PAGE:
Mark Cryer wrote and performs a one-act play, 99 Questions You've Always Wanted to Ask an African American But Were Too Afraid to Ask.
You’ll learn, create and perform in the new Kennedy Center for Theatre and the Studio Arts, an inspirational space that is home to the theatre program. You’ll take part in productions that are innovative – and often provocative. Faculty will help you develop your own identity through classes, workshops, projects and productions.
About the Major
The program focuses on the process of creating theatre including performance, design and analysis. This approach enables students to develop tools with which to approach other disciplines with creativity and rigor. Students may major in theatre or minor in theatre or design and production. Majors maintain high academic and artistic standards as they work on individual and collaborative projects. (See a calendar of events and opportunities)
Our department being small means we get close, and the professors take a personal interest in our development both as artists, and as people.
Frankie Outlaw ’18 — theatre major, Japanese and religious studies minor
What ultimately distinguishes Hamilton’s program is what one professor calls its “contemporaneousness.” Productions not only entertain but explore the many social and multicultural dimensions of performance. Theatre on the Hill is a dynamic, challenging community that aims to awaken and cultivate every student’s creative potential and presence.
Careers After Hamilton
- General Manager, Actors Theatre of Phoenix
- Actor, Donna on USA Network’s Suits
- Master Electrician, South Coast Repertory Theatre
- Chief of Strategy and Planning, Goldman Sachs
- Producer, NBC Universal Media LLC
- Foreign Service Officer, U.S. Department of State
- Physical Therapist, Rhode Island Rehab Institute
- Teacher/Theatre & English, NYC Board of Education
- Public Relations Director, Dallas Children’s Theater
- Features Producer, Entertainment Tonight
Out Loud 106S
Through the introduction of a variety of performance genres, this course develops oral communication, public speaking and public performance skills. Although no prior experience in performance or public speaking is expected, students will learn about and participate in such genres as storytelling, solo performance, hip-hop theatre, spoken word poetry, Sprechstimme and cabaret. Writer/performers to be studied/performed include Tim Miller, Karen Finley, Ntozake Shange, Danny Hoch, Sarah Jones and Bertolt Brecht.Not eligible for concentration credit. Oral Presentations.View All Courses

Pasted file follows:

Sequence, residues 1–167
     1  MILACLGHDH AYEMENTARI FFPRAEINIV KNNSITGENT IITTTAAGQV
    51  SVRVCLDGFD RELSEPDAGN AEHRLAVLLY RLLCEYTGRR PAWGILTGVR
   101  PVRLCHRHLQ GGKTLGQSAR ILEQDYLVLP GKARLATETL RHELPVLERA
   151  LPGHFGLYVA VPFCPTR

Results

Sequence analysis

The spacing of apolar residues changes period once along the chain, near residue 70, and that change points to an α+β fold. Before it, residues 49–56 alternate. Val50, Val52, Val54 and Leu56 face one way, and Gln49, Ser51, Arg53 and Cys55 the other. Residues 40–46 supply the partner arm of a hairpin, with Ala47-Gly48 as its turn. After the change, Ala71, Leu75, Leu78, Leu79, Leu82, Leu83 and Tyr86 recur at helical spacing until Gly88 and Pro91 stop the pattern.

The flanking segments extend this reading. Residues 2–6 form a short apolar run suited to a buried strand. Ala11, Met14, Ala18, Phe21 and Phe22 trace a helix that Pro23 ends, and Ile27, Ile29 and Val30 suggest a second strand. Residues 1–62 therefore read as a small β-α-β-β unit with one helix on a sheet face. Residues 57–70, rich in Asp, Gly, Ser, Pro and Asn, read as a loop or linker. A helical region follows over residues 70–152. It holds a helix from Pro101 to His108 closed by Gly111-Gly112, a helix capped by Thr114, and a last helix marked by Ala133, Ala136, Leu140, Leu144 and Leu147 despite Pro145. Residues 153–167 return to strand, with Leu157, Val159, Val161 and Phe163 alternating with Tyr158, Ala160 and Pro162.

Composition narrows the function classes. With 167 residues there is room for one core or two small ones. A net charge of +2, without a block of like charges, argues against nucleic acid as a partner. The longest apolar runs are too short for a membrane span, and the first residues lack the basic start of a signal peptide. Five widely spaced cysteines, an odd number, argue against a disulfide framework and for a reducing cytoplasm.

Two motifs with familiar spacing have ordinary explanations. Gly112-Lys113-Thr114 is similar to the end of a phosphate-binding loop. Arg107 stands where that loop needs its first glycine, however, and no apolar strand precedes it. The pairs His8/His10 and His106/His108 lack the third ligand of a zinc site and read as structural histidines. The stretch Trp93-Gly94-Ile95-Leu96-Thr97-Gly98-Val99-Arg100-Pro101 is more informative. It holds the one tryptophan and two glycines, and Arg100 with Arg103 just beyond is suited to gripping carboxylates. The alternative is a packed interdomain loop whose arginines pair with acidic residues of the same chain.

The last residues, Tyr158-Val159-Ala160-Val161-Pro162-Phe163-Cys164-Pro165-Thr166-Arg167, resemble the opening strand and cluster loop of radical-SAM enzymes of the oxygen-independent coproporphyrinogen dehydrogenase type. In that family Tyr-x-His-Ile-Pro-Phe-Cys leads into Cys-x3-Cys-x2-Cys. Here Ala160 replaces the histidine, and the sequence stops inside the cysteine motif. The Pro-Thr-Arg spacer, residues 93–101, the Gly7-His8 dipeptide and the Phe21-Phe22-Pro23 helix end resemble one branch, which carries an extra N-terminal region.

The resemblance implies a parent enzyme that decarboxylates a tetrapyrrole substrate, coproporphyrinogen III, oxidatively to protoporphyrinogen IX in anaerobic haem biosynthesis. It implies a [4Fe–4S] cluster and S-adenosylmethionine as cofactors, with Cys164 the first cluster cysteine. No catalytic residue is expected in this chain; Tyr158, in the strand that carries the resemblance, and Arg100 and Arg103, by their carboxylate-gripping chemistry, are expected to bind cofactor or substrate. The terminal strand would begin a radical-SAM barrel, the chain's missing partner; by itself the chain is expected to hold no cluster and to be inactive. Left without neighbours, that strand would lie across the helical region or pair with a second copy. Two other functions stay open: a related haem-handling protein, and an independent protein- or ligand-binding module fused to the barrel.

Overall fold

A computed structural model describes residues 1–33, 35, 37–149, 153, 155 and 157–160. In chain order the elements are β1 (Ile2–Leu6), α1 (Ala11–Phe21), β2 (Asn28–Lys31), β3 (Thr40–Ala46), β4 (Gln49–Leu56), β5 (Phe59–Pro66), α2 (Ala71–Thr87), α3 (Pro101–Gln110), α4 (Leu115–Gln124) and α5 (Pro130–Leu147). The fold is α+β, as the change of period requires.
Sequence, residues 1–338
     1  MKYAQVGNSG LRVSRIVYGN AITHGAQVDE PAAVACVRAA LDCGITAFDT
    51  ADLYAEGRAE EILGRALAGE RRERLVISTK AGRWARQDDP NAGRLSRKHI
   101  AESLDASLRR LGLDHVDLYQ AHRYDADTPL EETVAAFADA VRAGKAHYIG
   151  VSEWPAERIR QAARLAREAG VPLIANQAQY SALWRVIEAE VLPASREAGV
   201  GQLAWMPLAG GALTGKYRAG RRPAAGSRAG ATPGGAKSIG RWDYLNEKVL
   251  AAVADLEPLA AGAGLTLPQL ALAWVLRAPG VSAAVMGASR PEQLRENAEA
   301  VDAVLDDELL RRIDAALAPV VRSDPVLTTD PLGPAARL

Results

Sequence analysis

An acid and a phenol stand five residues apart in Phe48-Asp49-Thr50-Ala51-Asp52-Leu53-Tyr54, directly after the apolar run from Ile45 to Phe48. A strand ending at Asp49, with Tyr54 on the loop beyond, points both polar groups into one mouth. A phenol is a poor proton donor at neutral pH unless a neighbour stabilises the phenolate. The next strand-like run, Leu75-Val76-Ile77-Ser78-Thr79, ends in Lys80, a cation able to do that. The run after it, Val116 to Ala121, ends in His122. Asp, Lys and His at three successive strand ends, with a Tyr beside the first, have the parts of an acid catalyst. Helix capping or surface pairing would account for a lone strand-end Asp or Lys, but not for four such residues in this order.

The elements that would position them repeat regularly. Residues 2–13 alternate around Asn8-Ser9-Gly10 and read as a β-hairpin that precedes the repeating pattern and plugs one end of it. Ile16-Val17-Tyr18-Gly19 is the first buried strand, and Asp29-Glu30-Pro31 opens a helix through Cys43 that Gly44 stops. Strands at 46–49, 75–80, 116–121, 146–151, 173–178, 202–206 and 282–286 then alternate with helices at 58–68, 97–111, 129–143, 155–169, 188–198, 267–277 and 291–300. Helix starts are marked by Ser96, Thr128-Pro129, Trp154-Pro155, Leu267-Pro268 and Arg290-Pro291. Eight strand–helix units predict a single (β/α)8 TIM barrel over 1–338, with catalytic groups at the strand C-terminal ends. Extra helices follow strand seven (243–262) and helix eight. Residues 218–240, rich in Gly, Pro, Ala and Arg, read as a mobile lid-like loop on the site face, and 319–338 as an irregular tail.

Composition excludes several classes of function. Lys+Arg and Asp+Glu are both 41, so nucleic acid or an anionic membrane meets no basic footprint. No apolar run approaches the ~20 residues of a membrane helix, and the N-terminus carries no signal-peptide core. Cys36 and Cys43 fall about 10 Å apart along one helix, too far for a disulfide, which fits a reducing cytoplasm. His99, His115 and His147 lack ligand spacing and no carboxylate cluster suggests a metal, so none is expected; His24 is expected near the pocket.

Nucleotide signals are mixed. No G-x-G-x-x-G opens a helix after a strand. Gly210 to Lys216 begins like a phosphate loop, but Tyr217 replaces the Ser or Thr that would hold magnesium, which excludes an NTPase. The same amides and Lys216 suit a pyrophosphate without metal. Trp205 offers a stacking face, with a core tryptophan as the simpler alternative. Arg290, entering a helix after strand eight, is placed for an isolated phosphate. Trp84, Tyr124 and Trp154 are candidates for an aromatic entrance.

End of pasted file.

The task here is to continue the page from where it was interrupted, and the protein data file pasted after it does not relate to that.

Puppetry & Object Theatre 219S
This is a production and performance course to introduce students to the basics of puppetry. It will explore a variety of puppetry techniques.View All Courses
Outrageous Acts: Avant-Garde Theatre and Performance Art 236S
An examination of experimental art’s capacity to shock and to force us to recognize ourselves from new and unexpected perspectives. The historical, cultural and philosophical origins and influences, as well as exemplary works from the early avant-garde movements (1890-1940) and more contemporary avant-garde theatre and performance art (1950-1990). Discussion of the art, music, literature, theatre and film of Surrealism, Symbolism, Expressionism, Dada, Futurism, Constructivism, Epic, The Living Theatre, Grotowski, Monk, Wilson, Foreman, The Wooster Group, Hughes, Finley. Oral Presentations.View All Courses
African-American Theatre from Ira Aldridge to August Wilson 238F
Study, discussion and oral performance of selected works of drama by African-Americans from the 1860s to the present. Focuses on themes within the plays in relation to the current social climate and how they affect the play's evolution in the context of changing U.S. cultural and political attitudes. Oral Presentations.View All Courses
Tragedy: Then and Now 244
How did Greek tragedy work in the city of Athens? Athens was a radical democracy but was based on slave labor and the exclusion of women. How is this implied contradiction displayed in the works of Aeschylus, Sophocles, Euripides? But tragedy also has contemporary life. How do these plays transcend their time of production? An opportunity to examine relations of gods/humans, fate/choice, as well as gender, class/ethnicity and sexuality. Readings to include works by Seneca, Racine, Sartre, O’Neill, Heaney, Fugard.View All Courses
Fundamentals of play direction and script analysis. Study of selected directors and directorial problems; the direction of exercise scenes; and direction of a final scene or one-act for public presentation.View All Courses
Connections and Careers
Because Hamiltonians Tell Stories: Kadahj Bennett ’12